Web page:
Obabakoak by Bernardo Atxaga

Read: 22 April, 2013

I picked this up as my Basque read for the Reading Around the World challenge.

It’s a collection of short stories that seem unconnected. Though the title of the book literally means “The people/things of Obaba,” though in his prologue, Atxaga notes that another possible interpretation would be “stories from Obaba.” Even so, Obaba features only in a few of the stories.

In many ways, I found this to be a very international book. And though my purpose in choosing it was to get something of an insider’s perspective into Basque country, most of the stories deal with being an outsider there – the very first, “Esteban Werfell,” being about the child of a German caught between his father’s culture and the culture that surrounds him. And all of it is bound around with the idea of the outsider infiltrating and replacing the local.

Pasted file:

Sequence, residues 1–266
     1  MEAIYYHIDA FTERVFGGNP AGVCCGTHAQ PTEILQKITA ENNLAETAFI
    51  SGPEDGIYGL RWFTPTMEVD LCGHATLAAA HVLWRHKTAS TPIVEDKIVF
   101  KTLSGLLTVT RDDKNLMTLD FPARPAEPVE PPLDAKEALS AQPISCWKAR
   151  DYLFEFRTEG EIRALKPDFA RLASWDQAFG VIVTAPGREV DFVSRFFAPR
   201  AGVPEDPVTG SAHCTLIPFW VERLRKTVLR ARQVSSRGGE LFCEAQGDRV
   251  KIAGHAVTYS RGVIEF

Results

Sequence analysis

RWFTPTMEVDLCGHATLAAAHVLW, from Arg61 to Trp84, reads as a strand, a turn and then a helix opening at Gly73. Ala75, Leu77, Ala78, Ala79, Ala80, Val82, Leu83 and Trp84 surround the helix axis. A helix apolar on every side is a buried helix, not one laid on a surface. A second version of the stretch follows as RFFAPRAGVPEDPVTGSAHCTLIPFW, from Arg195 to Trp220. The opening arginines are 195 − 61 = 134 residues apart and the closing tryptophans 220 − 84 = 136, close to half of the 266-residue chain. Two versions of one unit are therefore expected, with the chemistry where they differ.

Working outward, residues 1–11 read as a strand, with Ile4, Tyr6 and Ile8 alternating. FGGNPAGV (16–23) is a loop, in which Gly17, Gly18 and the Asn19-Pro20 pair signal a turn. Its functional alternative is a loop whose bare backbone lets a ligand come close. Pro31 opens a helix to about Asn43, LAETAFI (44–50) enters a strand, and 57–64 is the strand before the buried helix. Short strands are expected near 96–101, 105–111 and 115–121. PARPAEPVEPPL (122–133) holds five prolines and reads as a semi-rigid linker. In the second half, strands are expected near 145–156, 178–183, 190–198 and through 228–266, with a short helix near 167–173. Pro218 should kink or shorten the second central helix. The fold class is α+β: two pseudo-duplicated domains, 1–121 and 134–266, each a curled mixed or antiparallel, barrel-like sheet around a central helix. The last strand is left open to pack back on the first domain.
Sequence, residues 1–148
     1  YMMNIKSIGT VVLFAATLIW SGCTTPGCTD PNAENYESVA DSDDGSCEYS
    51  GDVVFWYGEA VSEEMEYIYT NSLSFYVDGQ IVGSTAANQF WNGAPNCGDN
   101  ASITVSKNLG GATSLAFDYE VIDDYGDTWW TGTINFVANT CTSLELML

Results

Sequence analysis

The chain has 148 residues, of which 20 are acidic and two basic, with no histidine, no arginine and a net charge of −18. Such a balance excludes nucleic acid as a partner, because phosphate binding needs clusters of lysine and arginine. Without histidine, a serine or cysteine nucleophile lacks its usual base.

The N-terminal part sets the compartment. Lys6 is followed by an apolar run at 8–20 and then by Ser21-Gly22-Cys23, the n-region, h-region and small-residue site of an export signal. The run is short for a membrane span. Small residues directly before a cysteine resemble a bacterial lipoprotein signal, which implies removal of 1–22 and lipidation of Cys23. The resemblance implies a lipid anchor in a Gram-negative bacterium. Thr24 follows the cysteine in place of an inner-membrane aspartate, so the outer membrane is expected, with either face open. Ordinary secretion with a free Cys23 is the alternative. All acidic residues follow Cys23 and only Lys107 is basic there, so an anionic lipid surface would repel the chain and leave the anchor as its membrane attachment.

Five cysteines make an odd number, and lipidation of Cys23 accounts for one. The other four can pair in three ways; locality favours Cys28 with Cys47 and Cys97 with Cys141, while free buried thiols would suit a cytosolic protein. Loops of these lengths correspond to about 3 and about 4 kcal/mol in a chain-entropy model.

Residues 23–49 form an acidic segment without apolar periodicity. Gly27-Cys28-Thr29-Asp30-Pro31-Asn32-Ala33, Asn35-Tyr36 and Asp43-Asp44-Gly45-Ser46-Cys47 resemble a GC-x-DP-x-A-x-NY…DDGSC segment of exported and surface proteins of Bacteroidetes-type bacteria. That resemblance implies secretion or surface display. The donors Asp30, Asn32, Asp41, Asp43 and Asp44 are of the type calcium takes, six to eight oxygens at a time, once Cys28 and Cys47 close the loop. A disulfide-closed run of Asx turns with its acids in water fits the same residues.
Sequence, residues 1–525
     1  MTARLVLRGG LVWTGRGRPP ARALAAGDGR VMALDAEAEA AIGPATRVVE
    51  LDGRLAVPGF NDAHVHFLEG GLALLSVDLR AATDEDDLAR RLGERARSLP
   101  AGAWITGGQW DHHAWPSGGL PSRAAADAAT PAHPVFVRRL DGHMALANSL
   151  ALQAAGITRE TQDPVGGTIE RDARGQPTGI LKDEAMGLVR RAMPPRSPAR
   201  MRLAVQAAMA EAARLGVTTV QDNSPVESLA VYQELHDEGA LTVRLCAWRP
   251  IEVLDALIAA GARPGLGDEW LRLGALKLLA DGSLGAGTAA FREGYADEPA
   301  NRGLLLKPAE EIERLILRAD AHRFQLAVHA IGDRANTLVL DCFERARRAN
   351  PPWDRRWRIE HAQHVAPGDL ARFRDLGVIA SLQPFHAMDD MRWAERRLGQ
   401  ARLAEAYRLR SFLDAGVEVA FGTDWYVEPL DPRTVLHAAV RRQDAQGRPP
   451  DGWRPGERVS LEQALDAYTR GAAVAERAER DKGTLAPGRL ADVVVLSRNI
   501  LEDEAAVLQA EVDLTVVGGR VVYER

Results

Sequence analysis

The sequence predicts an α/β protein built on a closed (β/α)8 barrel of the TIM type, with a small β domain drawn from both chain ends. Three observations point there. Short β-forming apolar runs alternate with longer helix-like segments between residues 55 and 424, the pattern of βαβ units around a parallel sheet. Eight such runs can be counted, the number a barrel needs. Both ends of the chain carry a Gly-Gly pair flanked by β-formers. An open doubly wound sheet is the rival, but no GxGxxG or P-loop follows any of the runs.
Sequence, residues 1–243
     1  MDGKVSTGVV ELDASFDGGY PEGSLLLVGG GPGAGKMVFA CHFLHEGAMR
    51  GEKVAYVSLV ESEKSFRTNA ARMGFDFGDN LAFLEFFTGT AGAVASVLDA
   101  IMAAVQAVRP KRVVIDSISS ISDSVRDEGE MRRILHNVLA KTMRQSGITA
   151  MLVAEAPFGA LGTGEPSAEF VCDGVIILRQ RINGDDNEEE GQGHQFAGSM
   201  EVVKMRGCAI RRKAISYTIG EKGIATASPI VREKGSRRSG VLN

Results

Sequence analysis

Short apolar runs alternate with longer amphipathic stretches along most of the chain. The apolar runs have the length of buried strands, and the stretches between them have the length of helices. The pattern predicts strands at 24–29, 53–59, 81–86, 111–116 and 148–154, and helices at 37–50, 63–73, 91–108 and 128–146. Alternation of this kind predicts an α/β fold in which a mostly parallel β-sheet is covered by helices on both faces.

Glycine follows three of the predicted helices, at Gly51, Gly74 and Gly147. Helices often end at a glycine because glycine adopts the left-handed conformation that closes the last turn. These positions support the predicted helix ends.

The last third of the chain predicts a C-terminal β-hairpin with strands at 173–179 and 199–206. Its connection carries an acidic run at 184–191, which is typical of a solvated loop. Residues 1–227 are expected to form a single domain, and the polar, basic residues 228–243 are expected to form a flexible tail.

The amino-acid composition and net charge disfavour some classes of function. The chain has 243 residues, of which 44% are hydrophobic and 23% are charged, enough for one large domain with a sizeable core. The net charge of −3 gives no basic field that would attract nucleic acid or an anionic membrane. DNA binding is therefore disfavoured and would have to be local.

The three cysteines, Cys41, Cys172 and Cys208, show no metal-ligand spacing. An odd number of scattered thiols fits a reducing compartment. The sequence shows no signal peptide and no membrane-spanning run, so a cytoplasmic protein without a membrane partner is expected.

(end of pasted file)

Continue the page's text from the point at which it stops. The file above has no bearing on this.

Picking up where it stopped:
There are some odd connecting themes to the stories, subtle enough that I had missed the ones I’ve found during my initial reading, and I’m sure that there are plenty that I haven’t spotted.

I really enjoyed most of the stories just from an entertainment perspective, but the more I think about the book, the more I feel that I have to think about. Each story is complex, and they inform each other in interesting and surprising ways. I think that I’ll be carrying Obabakoak around with me for a while.

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